The Gaelic Players Association (GPA) has responded to what they've called the 'negative discourse' surrounding the club and inter-county standoff.
The body which represents inter-county hurlers and footballers has been criticised for its silence this week.
Earlier this week on Off The Ball, Offaly GAA chairman Michael Duignan criticised both the GAA and the GPA over county training sessions happening before September 14.
That's the date put forward under the GAA's Roadmap for returning to play.
However, it's Duignan's belief that county training sessions have been taking place already.
While the GAA imposed the September 14 date, they did not outline any sanctions for those that break it.
"I’m also disillusioned with Croke Park for not coming up with stricter sanctions," Duignan told Joe Molloy.
"And the players themselves, and the GPA in particular, for not standing up for players and saying “we’re not accepting this."
In a statement, the GPA recognise the September 14 cut-off but add, "It would be highly negligent of us, and utterly wrong, as the body charged with looking after inter-county player welfare, not to seek to have any such training covered by the GAA Injury Benefit Scheme, should these sessions be sanctioned by their respective counties."
They say the ability to stop these early training sessions does not lie with them, "It is the role of each county board to ensure that these training sessions are not sanctioned prior to the agreed dates."
The GPA have asked for "common sense" to prevail, and have asked that players be allowed to join up with their county panels once their club has been knocked out of the county championship.
The last week has seen significant progress being made towards the return of our games across the country. It is hugely positive to see pitches open again and teams getting back together.
However, that air of optimism has been eroded somewhat by the ‘club v county’ narrative that has developed. This is very unfortunate, given a few short weeks ago we had the very real possibility that we would not see any action in 2020. That risk very clearly remains when we see what is developing across the world.
Collectively, the GAA community have played a huge role in the tireless work this country has undertaken to fight Covid-19, which remains a very real threat to not just our games but society as a whole. Our focus needs to remain on following the protocols so that we minimise that risk to our communities and ensure we have a programme of games to enjoy at both club and county level.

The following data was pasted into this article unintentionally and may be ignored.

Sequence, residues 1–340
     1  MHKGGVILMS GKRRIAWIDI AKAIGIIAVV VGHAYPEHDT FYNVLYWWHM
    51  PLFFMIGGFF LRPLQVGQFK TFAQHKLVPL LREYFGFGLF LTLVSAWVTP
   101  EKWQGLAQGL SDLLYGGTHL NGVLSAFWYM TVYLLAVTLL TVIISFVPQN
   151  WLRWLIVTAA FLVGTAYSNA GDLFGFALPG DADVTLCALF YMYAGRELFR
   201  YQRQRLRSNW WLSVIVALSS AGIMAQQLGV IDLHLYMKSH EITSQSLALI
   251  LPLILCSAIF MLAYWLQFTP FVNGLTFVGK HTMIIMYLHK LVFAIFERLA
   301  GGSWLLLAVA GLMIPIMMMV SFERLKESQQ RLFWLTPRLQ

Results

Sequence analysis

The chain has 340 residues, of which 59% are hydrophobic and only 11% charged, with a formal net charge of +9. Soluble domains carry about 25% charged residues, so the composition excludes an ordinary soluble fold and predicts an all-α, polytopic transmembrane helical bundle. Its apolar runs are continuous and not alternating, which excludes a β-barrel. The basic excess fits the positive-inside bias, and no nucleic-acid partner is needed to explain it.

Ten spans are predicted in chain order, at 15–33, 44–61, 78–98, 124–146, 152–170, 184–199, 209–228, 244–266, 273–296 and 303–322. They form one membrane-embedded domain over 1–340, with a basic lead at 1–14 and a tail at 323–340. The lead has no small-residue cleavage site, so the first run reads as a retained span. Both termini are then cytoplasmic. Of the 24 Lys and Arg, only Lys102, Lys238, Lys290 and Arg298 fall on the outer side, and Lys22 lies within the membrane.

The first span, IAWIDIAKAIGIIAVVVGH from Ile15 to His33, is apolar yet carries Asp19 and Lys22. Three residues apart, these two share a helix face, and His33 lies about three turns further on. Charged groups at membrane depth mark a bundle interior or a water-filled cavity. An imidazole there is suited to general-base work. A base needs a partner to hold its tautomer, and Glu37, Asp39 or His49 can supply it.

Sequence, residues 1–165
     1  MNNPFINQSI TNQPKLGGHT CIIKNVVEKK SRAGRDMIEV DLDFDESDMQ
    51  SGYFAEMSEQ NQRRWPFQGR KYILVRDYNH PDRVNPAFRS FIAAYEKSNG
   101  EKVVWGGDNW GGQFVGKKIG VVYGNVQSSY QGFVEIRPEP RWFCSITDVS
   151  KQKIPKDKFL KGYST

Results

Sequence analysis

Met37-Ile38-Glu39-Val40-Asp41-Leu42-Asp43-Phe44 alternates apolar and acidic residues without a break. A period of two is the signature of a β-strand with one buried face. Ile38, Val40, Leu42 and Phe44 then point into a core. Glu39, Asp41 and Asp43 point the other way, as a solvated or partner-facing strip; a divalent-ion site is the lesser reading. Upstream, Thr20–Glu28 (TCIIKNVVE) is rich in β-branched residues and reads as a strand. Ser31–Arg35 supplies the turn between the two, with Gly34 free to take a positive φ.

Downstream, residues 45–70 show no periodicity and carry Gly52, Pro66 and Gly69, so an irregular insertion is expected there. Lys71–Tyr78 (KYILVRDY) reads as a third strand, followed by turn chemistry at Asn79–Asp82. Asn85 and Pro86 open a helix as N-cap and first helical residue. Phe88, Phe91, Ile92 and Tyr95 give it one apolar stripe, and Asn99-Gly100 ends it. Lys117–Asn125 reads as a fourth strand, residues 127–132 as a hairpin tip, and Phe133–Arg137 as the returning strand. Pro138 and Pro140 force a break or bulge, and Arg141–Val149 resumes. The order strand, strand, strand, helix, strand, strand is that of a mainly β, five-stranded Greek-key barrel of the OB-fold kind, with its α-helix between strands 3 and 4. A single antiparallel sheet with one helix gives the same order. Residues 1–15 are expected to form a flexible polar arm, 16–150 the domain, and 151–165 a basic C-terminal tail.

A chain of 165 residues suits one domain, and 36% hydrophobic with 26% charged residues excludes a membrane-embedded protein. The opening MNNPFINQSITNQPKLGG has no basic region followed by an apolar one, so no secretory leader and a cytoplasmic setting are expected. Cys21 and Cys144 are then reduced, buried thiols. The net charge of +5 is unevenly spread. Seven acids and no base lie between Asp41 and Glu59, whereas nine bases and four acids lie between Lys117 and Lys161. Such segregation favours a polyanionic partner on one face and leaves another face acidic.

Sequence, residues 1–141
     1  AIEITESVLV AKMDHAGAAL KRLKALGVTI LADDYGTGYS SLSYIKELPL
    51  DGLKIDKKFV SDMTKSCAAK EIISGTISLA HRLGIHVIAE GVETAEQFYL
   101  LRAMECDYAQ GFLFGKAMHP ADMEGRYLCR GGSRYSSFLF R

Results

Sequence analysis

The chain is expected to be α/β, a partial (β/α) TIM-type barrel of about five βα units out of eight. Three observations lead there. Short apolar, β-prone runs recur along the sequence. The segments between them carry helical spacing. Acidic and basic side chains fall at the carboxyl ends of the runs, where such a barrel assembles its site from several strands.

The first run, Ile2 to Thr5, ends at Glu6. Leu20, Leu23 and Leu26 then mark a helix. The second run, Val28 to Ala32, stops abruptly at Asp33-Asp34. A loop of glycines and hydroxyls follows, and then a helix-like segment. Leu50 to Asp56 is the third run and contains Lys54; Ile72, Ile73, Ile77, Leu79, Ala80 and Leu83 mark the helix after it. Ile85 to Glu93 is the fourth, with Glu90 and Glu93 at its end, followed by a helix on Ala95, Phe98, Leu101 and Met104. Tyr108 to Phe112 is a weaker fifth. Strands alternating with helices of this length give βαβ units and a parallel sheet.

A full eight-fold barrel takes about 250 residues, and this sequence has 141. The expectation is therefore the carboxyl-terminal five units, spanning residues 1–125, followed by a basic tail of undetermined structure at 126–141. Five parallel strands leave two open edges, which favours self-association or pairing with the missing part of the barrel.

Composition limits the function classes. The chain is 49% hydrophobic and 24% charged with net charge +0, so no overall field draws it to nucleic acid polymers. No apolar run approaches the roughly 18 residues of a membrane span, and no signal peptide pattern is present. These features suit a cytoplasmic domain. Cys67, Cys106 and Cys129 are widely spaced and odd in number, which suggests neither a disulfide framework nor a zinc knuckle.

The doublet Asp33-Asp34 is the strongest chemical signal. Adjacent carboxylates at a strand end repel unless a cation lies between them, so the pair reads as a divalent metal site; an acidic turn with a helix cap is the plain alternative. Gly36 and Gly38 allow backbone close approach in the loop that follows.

As there is sustained negative discourse surrounding inter-county players, the GPA want to make the following points:
- 2020 is a year that requires compromise and collaboration to complete what has been a very difficult year for all. Longer term, our strategy to achieve club and county balance requires structural changes that we have been working diligently on with the GAA via the Fixtures Task Force.
- Inter-county players, through the GPA, have been part of the GAA Covid-19 Advisory Committee since its inception. This is the committee that outlined the Return to Play (RTP) protocols and a roadmap back to a programme of training and games.
- As things stand and for complete clarity, the roadmap clearly highlights that there should be no collective inter-county training prior to September 14th. However, it would be highly negligent of us, and utterly wrong, as the body charged with looking after inter-county player welfare, not to seek to have any such training covered by the GAA Injury Benefit Scheme, should these sessions be sanctioned by their respective counties.
- It is the role of each county board to ensure that these training sessions are not sanctioned prior to the agreed dates.
- However, the GPA believes that common sense should prevail, allowing players to return to inter-county training once their involvement in club championship action is complete. We presented this viewpoint to the Covid-19 Advisory Committee and the GAA’s Central Competition’s Control Committee (Friday, June 19th) and it is something that we will continue to work towards.
It should be noted that in the midst of the negative discourse surrounding ‘club v county’, inter-county players are incredibly proud and passionate to represent their communities; as a player it has always been club and county, not club v county.
The health of the inter-county game remains a vital component of the GAA’s success. It is vital in terms of showcasing our games and in providing an arena for the sports’ highest performers. It is also essential in terms of the unifying effect it has on clubs and communities and the sense of pride in place if offers. It is loved by GAA fans up and down the country and further afield and needs to be respected.
Covid-19 still presents a risk to our society, community and games. We must be united in our approach to addressing this challenge.